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Unpacking the HSUS Gravy Train (2013 Edition)





GravyTrain2013_ChartOnce again, we have obtained the latest tax return of the deceptively named Humane Society of the United States, and once again, it’s a story of financial waste and too few dollars going to help needy pets.

HSUS reports spending $120 million in total. Of that, only about 1%—one penny on the dollar—appears to be going to local pet shelters. Local humane societies, despite having a similar name to HSUS, are not affiliated with HSUS—a common misconception among the public (and HSUS donors).

Here are some bullet points of what we’ve seen:

HSUS spent $50 million on fundraising-related expenses—41% of its budget. In other words, HSUS is a “factory fundraiser,” and the people really making the money are the fundraising contractors.
HSUS put $2.9 million into its pension plan—significantly more than it made in grants to support pet sheltering.

HSUS CEO Wayne Pacelle pulled in $395,000 in total compensation.

HSUS paid $7.4 million to Quadriga Art, a fundraising firm that two states investigated last year after it was exposed by CNN in connection with charity scams. Quadriga was HSUS’s second-largest independent contractor in 2012 and HSUS has paid $30 million to Quadriga over the past several years.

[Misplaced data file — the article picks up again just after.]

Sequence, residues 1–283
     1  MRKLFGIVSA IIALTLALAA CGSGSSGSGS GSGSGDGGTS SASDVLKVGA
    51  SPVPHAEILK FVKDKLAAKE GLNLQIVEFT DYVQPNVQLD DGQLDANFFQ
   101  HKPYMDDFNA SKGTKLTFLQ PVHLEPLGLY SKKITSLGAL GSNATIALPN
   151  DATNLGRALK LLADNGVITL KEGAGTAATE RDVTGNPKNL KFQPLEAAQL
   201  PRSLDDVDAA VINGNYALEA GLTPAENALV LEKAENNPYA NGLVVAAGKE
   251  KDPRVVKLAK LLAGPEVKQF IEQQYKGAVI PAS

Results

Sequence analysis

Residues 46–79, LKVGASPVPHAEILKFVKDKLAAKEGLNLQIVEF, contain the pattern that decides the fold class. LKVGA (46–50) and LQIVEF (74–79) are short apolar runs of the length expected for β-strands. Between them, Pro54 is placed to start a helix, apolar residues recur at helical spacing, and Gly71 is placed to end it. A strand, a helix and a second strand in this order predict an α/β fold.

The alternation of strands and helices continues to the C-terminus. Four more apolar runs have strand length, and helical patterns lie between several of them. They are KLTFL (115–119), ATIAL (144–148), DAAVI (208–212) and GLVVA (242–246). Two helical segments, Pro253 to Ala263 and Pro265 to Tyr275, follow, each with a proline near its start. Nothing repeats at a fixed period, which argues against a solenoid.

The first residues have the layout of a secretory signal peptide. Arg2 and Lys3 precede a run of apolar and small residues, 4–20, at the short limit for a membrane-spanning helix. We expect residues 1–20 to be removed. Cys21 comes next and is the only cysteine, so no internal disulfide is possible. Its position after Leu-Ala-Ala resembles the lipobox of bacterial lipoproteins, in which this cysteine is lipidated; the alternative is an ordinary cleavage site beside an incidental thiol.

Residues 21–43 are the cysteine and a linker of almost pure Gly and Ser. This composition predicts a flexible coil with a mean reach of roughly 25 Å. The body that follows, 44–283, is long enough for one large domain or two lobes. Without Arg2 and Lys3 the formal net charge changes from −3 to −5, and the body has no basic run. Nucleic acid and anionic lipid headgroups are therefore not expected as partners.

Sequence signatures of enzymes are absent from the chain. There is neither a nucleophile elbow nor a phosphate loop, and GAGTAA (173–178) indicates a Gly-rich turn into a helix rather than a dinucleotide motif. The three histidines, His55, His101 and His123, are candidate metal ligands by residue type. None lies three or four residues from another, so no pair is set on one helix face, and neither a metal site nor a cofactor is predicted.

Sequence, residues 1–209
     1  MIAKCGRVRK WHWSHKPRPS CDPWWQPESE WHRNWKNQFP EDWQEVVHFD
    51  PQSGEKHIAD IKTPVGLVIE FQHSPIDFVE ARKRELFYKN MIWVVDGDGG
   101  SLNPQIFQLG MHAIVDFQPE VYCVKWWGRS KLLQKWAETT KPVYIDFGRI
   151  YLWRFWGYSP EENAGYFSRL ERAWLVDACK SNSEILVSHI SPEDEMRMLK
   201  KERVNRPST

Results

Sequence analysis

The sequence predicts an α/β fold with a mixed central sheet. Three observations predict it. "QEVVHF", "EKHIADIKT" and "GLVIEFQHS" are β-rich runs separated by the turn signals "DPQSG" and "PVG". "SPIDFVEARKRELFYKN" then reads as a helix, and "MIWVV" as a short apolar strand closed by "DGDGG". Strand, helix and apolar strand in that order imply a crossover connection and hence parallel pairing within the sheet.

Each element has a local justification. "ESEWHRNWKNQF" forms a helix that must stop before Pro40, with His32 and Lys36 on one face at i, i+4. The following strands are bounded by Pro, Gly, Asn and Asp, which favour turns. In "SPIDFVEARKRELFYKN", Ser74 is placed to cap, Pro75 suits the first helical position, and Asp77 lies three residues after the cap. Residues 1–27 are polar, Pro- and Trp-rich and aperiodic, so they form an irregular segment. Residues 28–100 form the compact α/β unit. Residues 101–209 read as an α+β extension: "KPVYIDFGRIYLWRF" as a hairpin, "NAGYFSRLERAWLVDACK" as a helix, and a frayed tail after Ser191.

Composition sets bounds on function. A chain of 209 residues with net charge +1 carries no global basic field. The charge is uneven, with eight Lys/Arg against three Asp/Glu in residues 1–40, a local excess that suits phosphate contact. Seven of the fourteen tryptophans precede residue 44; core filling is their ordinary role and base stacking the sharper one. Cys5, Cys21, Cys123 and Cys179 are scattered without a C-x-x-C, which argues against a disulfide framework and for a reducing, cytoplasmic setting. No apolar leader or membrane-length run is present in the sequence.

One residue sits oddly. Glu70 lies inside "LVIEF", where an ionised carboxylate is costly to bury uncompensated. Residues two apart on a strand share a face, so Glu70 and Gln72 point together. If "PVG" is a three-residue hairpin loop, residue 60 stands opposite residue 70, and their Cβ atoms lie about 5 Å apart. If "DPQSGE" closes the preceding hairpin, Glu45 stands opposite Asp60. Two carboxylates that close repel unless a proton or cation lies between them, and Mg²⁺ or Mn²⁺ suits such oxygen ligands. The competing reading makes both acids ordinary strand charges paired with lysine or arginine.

In total, 38 people received over $100,000 in compensation from HSUS—up from 24 the previous year. For as much as HSUS complains about Big Ag, this “non-profit” corporation is clearly Big Animal Rights.
HSUS just had a ritzy gala in New York City last month. According to the tax return, HSUS lost money on these glitzy events in 2012. Between the NYC gala and the Hollywood “Genesis Awards” last year, HSUS had a net loss of $350,000.

HSUS claims it helped pass or defeat 132 laws in 2012. We’ve never heard of a nonprofit—which is not supposed to engage in much lobbying—that has such a high count when it comes to influencing laws.
HSUS’s membership magazine only goes to 545,000 people—up only 15,000 from last year. HSUS claims to represent a “constituency” of 11 million people (whatever that means), but the magazine circulation provides a good idea of HSUS’s actual membership—about 22 times smaller than HSUS’s claimed “constituency.”

HSUS’s contributions ticked up a little after a drop last year, but they’re still below where they were in 2010 (when we started this website).

HSUS admits that “a large portion of The HSUS’s work on direct care and service is accomplished through affiliated entities such as the Fund for Animals.” The Fund for Animals has its own separate fundraising. Shouldn’t HSUS make this fact clear in its own fundraising? Why is HSUS taking the credit for this animal care?

All in all, it’s another year of financial waste. What has 2013 brought? We should know in about 12 months. But we won’t hold our breath as long as Wayne “I don’t love animals” Pacelle runs the show. The best bet for an animal lover is to support your local shelter.

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